December 10, 1991.
Appeal from the Circuit Court, Dade County, Henry G. Ferro, J.
Ronald B. Gilbert, Miami, for appellant.
Bruce M. Boiko, Coral Gables, for appellee.
Before SCHWARTZ, C.J., and BASKIN and COPE, JJ.
Matt Weinstein appeals an order modifying an award of child support. We vacate the modified award and remand.
Weinstein petitioned the trial court for modification of a final judgment of dissolution of marriage, requesting custody of the parties' three sons and modification of child support. The court awarded Weinstein custody of the three sons. The trial court determined that the parents' income exceeded $50,000 annually, and, therefore, the child support guidelines in section 61.30, Florida Statutes (1989), did not apply. The court decided that the sons' support needs were $490.26 per month, per child, a total of $1,470.80 monthly for the three sons, and ordered the mother to pay $245.14 per month, per child until they reach majority. The oldest son reached majority within two months of the order. At that point the support award fell to $980.52 a month for the two minor sons.
Weinstein appeals the order, arguing that the trial court abused its discretion in awarding child support for the two minor sons below the amount suggested by the presumptive child support guidelines for two children when the parents' income is below $50,000. We agree. "The child support guideline amount as determined by [section 61.30] presumptively establishes the amount the trier of fact shall order as child support. . . ." § 61.30(1)(a), Fla. Stat. (1989). Although these guidelines do not apply to parents with an annual income in excess of $50,000 per year, § 61.30(1)(b)2, Fla. Stat. (1989), other courts have determined that the guidelines are an appropriate starting point for the calculation of child-support awards.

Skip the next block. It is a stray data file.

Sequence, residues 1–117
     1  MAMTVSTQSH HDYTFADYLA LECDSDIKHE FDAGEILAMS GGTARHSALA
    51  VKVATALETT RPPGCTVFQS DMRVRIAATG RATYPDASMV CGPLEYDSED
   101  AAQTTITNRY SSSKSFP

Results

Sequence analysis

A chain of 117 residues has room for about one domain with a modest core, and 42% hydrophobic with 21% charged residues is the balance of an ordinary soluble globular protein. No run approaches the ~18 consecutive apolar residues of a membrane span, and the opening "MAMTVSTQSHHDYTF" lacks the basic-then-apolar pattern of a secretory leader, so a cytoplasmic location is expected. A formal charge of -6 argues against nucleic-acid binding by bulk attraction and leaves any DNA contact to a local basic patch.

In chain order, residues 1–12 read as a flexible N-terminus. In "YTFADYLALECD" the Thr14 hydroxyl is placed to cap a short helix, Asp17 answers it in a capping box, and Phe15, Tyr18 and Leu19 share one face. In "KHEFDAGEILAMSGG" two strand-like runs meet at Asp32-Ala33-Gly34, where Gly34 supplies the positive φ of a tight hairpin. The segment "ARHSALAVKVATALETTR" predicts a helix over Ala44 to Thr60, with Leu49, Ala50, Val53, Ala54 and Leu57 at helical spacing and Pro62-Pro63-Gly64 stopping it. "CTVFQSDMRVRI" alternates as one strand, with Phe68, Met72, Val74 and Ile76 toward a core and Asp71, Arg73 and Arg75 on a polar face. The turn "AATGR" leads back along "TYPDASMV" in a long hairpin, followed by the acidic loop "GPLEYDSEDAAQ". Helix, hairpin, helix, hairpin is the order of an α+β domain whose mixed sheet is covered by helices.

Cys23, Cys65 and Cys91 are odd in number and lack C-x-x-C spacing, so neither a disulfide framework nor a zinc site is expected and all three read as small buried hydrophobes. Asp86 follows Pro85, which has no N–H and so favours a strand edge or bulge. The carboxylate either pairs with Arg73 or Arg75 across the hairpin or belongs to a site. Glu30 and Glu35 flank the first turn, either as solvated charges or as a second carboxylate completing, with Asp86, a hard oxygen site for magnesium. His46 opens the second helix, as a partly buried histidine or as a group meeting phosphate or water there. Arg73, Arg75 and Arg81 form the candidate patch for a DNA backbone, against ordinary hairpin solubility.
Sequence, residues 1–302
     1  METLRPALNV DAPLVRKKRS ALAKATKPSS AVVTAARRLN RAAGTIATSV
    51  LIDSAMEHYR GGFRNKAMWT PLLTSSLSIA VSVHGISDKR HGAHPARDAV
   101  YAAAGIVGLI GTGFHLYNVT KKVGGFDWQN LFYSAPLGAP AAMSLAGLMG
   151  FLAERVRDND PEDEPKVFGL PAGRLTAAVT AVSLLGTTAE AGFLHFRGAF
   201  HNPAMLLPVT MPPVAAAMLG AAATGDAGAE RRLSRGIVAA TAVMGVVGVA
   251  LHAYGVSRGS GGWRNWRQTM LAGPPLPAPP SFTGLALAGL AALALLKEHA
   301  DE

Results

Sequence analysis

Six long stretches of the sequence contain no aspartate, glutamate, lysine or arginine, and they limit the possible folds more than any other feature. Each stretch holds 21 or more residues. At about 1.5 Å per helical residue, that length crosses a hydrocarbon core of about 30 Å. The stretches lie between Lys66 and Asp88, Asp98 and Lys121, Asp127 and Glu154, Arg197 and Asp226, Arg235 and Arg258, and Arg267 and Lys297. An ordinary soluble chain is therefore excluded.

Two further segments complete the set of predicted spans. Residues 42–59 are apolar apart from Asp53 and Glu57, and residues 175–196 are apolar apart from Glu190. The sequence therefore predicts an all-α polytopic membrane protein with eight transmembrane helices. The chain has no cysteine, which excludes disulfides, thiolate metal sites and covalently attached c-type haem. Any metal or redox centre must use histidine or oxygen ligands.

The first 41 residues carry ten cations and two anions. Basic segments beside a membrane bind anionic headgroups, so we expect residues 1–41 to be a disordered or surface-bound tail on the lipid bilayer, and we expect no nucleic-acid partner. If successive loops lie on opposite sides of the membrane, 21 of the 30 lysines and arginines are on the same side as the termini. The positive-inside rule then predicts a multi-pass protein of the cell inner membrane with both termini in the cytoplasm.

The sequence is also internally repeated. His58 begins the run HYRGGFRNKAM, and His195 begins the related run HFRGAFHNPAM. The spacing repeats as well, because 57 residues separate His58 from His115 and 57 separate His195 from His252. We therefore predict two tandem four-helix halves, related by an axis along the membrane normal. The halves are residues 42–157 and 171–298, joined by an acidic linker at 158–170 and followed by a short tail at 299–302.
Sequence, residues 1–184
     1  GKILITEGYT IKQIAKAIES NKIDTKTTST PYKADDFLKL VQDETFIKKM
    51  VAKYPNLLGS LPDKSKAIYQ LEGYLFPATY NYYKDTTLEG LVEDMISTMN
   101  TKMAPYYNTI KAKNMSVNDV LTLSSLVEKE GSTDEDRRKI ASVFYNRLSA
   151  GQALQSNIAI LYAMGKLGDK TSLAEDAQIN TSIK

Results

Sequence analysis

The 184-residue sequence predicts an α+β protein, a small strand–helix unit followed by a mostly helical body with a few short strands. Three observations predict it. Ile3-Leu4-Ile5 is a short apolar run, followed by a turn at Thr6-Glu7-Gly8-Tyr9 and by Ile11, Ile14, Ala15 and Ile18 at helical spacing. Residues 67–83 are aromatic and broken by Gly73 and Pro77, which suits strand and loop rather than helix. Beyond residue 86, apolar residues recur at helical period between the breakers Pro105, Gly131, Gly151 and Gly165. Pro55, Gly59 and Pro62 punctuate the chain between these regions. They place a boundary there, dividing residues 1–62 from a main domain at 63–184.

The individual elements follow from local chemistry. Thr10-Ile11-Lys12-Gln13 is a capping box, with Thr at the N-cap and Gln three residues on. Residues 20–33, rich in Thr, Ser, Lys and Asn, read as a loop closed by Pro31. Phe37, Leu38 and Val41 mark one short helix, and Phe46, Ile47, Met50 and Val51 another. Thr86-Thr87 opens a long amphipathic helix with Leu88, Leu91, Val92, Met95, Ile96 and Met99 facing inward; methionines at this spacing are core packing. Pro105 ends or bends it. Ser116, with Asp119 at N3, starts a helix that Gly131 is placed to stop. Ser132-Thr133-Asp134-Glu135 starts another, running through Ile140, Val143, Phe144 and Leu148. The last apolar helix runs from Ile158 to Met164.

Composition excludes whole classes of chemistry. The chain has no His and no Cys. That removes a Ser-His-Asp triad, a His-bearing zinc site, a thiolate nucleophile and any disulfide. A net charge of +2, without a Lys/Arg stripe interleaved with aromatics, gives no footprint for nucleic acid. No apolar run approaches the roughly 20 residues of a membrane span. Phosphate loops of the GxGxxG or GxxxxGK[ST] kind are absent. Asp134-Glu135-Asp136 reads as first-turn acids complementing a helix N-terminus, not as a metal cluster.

Section 61.30 has been amended to apply to parents who have a combined net annual income not exceeding $100,800. Ch. 91-246, § 5, Laws of Fla.
In Hinshelwood v. Hinshelwood, 564 So.2d 141 (Fla. 5th DCA 1990), Judge Sharp, specially concurring, stated that it was unfair and inequitable to award child support in an amount below that established by the guidelines for parents who earn up to $50,000. That reasoning was adopted by the First District Court of Appeal in Harrison v. Harrison, 573 So.2d 1018 (Fla. 1st DCA 1991), where the court directed the trial court to "use the maximum presumptive guidelines amount as a `floor' to the child support award. . . ." Harrison, 573 So.2d at 1020. We agree that the guidelines should be utilized as a floor in the consideration of the sums to be awarded for child support in cases where the parents' income exceeds $50,000 annually. Hinshelwood, (Sharp, J., specially concurring).
There may, however, be circumstances, such as the ones presented here, that lead the trial court to impose an award below that guideline sum. In those cases, the trial court will greatly aid appellate review by providing reasons for its award. Absent some basis for a departure from the guidelines, such an award is an abuse of discretion. We therefore vacate the child support award and remand the case for findings.
On remand, the trial court is also directed to enter findings as to why the father's request that the support award be retroactive to the date of his petition should not be granted. See Waldman v. Waldman, 520 So.2d 87 (Fla. 3d DCA), review denied, 531 So.2d 169 (Fla. 1988); Shufflebarger v. Shufflebarger, 460 So.2d 982 (Fla. 3d DCA 1984).
Vacated and remanded.